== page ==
The Londonphile wandered past this (former) drinking trough positively overflowing with spring blooms on Surrey Quays Road last week and set out to learn more about its history. The Metropolitan Free Drinking Fountain Association (as it was originally known) was formed in 1859 to provide free, clean drinking water to Londoners at a time when the Thames carried water-borne cholera and beer was cheaper than fresh water.
The first drinking fountain to be provided by the Association was set along the wall of St Sepulchre’s Church on Snow Hill (EC1) in April 1859, and was soon quenching the thirst of around 7,000 citizens each day. It still exists today, although it is now located on the other side of the church, on the corner of Newgate and Giltspur Streets. Originally, fountains such as this one generally featured somewhat unhygienic drinking cups, attached on chains. These were later replaced with upward jets of water, not surprisingly due to health concerns.
Within eleven years 140 fountains and 153 cattle troughs had been provided by the Association. They had been quick to realise the desperate need for refreshment faced by the many animals both living in and visiting London – many of whom were driven into the capital for days on end, often without water. By 1865 most fountains also featured a trough for dogs, and in 1867 the group officially changed its name to the Metropolitan Drinking Fountain and Cattle Trough Association.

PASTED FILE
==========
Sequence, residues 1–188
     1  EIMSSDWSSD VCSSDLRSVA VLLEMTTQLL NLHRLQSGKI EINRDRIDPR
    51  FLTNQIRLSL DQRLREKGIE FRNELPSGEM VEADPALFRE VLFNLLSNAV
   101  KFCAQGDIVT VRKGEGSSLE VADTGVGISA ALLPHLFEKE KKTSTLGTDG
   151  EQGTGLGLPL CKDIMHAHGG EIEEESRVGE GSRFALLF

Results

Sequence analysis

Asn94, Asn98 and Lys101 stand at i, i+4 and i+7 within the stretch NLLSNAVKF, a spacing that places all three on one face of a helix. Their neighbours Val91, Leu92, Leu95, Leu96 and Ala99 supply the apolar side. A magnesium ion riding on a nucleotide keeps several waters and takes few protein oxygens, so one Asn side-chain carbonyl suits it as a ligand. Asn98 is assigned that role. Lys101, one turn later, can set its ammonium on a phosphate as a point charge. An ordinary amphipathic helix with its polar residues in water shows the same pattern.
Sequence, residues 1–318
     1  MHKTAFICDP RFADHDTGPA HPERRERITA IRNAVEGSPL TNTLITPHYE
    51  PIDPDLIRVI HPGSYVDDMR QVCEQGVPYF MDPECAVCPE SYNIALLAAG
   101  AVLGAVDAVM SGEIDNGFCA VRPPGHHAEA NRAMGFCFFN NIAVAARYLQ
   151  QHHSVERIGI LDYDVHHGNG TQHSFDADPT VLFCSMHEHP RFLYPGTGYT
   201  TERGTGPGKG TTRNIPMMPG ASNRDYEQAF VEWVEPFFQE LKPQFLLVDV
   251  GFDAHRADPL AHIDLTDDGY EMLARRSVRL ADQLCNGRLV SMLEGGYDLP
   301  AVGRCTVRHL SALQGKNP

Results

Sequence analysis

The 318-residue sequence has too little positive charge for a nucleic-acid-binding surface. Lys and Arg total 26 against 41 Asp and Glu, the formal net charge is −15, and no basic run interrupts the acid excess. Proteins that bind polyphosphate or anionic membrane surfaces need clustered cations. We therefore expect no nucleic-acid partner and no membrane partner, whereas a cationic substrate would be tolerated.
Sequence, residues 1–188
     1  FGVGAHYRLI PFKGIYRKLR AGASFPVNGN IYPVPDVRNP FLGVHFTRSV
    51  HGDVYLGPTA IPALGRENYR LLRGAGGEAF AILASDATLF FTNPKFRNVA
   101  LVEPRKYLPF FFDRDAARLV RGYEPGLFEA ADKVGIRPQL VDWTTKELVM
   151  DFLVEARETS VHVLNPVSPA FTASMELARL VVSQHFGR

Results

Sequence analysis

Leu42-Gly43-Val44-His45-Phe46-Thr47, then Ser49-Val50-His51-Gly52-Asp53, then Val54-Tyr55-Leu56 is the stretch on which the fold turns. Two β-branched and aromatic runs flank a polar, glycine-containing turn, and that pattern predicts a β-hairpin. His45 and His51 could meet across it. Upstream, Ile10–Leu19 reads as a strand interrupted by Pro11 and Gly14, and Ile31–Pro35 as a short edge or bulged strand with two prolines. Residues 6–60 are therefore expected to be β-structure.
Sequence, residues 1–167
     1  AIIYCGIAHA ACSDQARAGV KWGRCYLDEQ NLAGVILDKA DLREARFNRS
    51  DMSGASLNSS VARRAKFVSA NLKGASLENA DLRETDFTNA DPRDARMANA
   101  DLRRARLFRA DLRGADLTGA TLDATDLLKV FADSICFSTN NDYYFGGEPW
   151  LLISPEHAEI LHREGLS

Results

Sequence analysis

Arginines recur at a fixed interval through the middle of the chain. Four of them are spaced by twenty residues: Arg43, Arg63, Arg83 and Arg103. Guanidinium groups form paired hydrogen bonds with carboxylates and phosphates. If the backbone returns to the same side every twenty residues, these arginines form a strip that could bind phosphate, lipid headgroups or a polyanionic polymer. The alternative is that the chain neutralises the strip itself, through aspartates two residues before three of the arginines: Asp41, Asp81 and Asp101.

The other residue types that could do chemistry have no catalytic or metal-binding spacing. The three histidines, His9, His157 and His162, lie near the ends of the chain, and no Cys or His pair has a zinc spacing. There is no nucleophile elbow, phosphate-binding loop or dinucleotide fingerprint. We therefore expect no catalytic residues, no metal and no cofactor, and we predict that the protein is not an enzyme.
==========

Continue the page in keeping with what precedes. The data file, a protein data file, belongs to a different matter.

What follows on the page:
The Surrey Quays Road trough is a typical granite cattle trough (circa 1900), which incorporates a drinking fountain on one end. Like a number of old troughs, it now serves as a flower bed, and features an inscription of the Association’s old address, 10 Victoria Street London S.W. It has a rather colourful recent history with the original trough having been stolen (you can see a photo of its rather bereft-looking stand here). It was replaced with the current trough – which possibly hails from Kent – in 2010.
The Drinking Fountain Association (as it is now known) is still very much active today, especially in the provision of drinking fountains at playing fields and schools, and still receives requests to help thirsty animals. They have long conducted work overseas, especially in developing countries.
Fancy becoming a trough spotter? You can find/report your local London trough to http://www.londontroughs.co.uk/ a site which aims to collate all of the remaining troughs in the capital.
The website of the Drinking Fountain Association can be found at: http://drinkingfountains.org/